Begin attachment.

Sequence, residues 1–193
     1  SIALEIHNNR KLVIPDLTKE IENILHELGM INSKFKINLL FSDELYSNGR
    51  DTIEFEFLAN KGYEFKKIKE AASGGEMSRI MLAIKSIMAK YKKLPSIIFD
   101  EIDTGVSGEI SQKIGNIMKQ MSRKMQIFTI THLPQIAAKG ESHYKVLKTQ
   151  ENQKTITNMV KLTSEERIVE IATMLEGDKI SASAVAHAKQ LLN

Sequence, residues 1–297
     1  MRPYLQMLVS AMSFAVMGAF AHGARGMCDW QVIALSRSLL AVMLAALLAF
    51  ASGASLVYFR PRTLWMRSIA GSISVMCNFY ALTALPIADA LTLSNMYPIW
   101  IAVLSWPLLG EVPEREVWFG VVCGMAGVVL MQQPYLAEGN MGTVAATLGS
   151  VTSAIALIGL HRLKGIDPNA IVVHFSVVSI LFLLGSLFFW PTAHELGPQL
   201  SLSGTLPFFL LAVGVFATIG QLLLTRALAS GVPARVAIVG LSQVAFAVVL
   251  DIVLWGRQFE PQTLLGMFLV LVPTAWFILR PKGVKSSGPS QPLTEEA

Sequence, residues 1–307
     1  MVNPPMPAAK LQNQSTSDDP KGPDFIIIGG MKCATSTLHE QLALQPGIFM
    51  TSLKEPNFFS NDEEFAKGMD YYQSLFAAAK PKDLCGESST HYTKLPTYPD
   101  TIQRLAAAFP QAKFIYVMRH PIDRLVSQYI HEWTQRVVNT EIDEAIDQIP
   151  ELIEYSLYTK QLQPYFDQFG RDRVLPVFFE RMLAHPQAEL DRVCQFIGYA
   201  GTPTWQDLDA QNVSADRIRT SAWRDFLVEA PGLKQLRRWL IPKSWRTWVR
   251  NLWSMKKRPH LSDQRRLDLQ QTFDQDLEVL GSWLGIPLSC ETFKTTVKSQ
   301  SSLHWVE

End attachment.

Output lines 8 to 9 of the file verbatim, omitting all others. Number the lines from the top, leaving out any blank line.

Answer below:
    51  ASGASLVYFR PRTLWMRSIA GSISVMCNFY ALTALPIADA LTLSNMYPIW
   101  IAVLSWPLLG EVPEREVWFG VVCGMAGVVL MQQPYLAEGN MGTVAATLGS